NCLB is not a reform and does little, if anything to reform education. It is a very costly program that diverts funds that could be better used to aid education.

It's really sad. For anyone reading this thread, it's quite obvious that the problem isn't NCLB, but a system of people in education that refuse to look inward, change, improve, and move forward. That's why NCLB was created in the first place. If educators were leading, there would have been no need. The natural reaction to change unwelcomed is to fight the change fairly and unfairly as we see here. This is what we are reading here -- educators who don't want change. The way the system is run today, it is run to serve the interests of the education professionals. While they say otherwise, the kids are always tertiary concerns. Platitudes embracing benefits for the kids are typically contrived to support a bigger benefit for the professionals. Take money out of education and you will see better education. Not the money paid to the professionals delivering the education, but the big money system surrounding education: the book publishers, the computer makers, the software makers, the consultants, and others looking to generate big profits in the name of education.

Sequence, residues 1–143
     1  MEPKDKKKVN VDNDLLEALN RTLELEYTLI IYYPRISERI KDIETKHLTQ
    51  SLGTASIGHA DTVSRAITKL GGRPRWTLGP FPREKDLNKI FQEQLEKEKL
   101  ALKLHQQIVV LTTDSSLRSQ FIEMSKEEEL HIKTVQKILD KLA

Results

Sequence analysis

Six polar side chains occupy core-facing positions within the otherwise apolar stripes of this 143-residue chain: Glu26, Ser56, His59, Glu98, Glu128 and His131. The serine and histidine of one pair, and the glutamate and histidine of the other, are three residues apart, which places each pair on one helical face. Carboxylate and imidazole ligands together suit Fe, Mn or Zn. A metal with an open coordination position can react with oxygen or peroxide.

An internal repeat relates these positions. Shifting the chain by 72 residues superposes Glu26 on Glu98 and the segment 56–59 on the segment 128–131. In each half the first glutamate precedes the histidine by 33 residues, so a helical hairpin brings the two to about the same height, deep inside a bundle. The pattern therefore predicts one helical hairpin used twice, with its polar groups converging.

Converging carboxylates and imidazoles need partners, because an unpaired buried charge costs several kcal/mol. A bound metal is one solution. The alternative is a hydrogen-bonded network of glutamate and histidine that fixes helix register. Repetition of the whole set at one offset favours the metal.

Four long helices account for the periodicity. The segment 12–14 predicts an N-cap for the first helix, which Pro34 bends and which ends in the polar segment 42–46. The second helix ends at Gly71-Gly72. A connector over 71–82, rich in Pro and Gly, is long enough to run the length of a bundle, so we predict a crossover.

What exactly does NCLB hold the states, the schools, and teachers accountable for? It is primarily for the Federal contribution to public education. This is approximately 5% of the total cpst of public education (From the Education Department website). Most of that funding is for Title I. Title I funding is an attempt to equalize the educational opportunities for all students regardless of family income. It is a boost for poor school districts. It is a welfare program that seeks to provide chiefly low or no cost breakfast and luncehs for "disavantaged" children. My children nrecieved no benefits from title I and there are many students that recieve no benefits from title I, but all students are tested and their scores reported for Title I accountability. That is like holding me responsible for Welfare payment that my neighbor receives.